Slice and dice

Distinctive Designs

Read your regional magazine here

 

If you have an open plan home but yearn to separate sections for specific purposes, then multifunctional zones might be the solution for you. In a shift we haven’t seen in decades, people yearn to transform their open plan homes into something more specific. Multifunctional zones, also known as the broken-plan, have all the benefits of open plan living – better air flow, more light and shared living – but with more structure.

Open plan living has dominated interior architecture since the 1970s, starting with rooms without doors and eventually the abolition of walls for a giant multipurpose space. This was in stark contrast to architecture in the pre-World War II era, with the main hallway acting as the artery with specific rooms branching off of it – the dining room, the kitchen, the piano room and more. Since then, we never really had a chance to go back.

The open By Claire Wright floor plan allows homeowners to change their space according to their changing needs, which is why it has dominated residential architecture for half a century. And then a shift forced us to reexamine our homes spaces: COVID-19. During lockdown, four in 10 Kiwis worked from home at some point during 2020 – unprecedented levels here in New Zealand. With so much time at home, we couldn’t help but think of ways to change our homes to suit our ever-evolving needs. Multifunctional zones, acting as individual areas within an open plan space, can give our brains a much-needed break by categorising our homes into spaces specifically for rest or for work. Here are some solutions to divvy up your open plan spaces.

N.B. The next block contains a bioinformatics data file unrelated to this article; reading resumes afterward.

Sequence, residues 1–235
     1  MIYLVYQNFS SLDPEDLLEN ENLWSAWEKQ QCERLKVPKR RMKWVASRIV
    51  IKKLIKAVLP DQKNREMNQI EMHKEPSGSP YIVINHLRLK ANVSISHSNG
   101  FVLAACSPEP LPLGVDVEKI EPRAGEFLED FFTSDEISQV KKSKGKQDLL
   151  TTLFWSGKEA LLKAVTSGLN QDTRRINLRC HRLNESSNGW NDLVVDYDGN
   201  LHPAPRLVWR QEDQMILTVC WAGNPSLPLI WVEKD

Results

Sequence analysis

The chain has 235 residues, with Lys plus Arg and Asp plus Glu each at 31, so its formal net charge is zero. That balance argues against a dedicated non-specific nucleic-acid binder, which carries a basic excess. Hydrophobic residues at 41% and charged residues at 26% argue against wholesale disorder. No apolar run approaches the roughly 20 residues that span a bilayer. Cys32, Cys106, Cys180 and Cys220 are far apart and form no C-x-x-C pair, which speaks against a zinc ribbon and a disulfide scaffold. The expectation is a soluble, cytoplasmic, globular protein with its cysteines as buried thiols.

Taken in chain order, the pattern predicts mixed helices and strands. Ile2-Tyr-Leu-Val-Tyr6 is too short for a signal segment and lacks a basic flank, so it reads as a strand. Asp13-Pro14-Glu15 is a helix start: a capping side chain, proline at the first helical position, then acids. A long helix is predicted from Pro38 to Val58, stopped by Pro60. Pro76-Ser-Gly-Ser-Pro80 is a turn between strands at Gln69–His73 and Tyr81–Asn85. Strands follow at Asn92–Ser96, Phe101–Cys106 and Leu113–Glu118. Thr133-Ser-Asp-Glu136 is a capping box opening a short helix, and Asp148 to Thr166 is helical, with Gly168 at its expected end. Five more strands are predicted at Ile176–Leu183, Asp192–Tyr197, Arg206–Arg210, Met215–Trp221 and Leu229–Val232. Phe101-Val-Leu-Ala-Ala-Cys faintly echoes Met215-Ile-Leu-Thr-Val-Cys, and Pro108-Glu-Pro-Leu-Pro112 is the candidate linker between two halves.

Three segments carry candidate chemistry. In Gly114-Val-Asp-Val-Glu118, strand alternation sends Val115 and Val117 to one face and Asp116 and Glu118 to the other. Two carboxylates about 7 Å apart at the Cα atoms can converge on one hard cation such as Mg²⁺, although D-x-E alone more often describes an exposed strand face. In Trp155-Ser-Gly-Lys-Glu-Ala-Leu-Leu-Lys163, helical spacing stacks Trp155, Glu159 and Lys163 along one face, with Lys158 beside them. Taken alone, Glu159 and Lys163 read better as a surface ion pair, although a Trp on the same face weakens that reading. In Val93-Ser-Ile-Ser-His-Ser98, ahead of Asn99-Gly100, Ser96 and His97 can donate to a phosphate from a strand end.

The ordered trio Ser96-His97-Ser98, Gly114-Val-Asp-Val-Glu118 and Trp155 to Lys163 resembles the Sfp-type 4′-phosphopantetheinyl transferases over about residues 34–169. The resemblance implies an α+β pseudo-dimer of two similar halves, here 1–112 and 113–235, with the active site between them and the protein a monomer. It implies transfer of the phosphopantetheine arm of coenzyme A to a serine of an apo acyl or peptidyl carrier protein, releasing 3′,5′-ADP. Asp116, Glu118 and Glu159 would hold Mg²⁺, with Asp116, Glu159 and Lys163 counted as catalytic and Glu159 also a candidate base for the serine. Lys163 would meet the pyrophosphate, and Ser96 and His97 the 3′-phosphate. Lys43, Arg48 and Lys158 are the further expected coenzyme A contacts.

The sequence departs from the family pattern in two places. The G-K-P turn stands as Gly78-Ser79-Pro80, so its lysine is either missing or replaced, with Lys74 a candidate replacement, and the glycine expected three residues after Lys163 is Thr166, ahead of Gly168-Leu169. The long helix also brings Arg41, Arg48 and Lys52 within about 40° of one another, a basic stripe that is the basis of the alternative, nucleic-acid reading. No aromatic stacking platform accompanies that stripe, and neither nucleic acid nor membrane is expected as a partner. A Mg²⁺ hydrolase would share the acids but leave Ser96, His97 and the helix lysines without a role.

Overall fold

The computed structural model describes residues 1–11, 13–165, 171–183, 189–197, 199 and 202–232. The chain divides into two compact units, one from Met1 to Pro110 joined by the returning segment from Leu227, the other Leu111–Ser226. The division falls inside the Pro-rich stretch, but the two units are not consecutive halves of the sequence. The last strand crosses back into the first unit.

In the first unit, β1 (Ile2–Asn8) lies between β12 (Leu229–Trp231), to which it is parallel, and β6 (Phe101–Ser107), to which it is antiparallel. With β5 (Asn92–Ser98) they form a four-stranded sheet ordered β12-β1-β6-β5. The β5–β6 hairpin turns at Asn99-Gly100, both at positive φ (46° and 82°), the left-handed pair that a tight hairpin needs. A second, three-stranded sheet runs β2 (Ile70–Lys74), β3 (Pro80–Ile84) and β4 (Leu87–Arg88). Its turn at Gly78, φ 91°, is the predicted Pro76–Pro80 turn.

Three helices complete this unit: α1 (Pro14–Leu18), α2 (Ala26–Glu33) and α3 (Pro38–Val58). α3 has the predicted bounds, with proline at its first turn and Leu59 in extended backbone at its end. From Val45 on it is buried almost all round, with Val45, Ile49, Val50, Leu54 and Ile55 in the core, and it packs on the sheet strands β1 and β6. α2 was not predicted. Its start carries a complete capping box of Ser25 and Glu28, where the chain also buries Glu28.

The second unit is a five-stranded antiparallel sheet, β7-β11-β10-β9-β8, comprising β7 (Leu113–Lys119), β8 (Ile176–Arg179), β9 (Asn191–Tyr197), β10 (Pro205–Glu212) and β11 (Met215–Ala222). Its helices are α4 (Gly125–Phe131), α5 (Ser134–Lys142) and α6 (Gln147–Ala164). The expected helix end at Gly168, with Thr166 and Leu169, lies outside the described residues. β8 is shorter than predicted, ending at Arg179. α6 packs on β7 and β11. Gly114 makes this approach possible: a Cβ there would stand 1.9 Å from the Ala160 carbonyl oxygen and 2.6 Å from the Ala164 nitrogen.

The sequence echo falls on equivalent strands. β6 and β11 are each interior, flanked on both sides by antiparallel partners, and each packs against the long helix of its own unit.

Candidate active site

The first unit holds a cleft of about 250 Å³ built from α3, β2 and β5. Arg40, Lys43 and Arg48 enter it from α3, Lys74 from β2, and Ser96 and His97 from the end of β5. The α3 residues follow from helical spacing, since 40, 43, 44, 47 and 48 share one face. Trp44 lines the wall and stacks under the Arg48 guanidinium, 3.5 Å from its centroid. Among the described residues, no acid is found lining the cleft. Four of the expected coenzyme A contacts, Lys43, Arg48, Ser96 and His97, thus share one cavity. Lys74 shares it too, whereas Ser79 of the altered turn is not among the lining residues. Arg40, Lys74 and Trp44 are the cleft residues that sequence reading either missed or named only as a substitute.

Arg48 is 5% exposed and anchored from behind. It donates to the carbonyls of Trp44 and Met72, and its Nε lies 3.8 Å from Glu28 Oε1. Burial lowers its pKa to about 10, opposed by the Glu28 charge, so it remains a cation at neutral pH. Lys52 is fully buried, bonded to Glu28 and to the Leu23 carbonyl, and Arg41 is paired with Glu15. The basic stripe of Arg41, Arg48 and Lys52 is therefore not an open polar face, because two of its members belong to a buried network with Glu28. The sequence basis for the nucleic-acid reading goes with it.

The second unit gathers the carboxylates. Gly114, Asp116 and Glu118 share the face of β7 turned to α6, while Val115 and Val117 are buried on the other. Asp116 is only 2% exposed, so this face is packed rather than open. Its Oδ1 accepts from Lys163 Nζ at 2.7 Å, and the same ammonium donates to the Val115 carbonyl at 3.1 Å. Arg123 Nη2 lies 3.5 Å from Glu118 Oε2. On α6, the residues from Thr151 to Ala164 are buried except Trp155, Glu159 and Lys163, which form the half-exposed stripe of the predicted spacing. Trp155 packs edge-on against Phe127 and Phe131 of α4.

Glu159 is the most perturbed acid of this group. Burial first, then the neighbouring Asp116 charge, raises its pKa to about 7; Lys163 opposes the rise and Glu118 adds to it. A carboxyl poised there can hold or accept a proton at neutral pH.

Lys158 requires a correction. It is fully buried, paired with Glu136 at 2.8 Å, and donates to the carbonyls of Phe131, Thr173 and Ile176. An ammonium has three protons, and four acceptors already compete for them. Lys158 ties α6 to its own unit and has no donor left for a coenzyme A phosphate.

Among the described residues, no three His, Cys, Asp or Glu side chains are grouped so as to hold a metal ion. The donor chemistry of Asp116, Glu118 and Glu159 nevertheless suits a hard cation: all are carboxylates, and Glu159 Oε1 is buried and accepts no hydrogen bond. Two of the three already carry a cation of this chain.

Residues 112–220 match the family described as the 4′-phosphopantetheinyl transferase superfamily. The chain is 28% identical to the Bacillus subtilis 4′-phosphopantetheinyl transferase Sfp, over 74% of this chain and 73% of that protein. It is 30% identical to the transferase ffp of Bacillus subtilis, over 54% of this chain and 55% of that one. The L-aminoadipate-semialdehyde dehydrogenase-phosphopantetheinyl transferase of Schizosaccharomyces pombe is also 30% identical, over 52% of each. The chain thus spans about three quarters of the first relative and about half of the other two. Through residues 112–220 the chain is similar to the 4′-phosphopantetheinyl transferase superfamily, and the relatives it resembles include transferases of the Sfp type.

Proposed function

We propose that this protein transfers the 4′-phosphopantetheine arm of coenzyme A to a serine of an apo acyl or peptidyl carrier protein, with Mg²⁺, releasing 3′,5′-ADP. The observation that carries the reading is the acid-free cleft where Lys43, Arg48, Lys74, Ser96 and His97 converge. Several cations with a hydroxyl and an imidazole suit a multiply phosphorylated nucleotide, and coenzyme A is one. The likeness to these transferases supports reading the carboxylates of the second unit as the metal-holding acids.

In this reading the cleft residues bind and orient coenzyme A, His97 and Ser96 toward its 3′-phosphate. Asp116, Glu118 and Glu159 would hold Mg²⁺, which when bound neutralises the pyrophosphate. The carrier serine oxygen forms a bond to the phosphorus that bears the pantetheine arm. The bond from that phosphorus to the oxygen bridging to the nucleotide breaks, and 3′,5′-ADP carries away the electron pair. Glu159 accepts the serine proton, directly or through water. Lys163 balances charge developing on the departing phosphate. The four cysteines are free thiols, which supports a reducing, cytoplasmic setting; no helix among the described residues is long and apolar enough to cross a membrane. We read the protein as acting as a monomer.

Fold out a partition

Using a decorative fold out screen, you can literally divide the space up while giving the room a bit of character and artistic flair.

Use rugs to distinguish separate spaces

A subtle way to distinguish separate zones from each other is to use area rugs, removing the need to install physical barriers. Not only that, but it can give your house a homier feel.

Contrast materials for a different look

From wood panels to white walls, using contrasting materials to separate spaces is a clever way to define the lines between different zones. Wallpaper spaces for visual barriers Visually separate spaces by wallpapering specific corners, whether you want a bar area or a cosy spot to have some alone time. However you do it, whether with more physical décor or with different wall and ceiling materials, creating separate zones in your home can transform how you live and interact with your space.

By: Jamie Quinn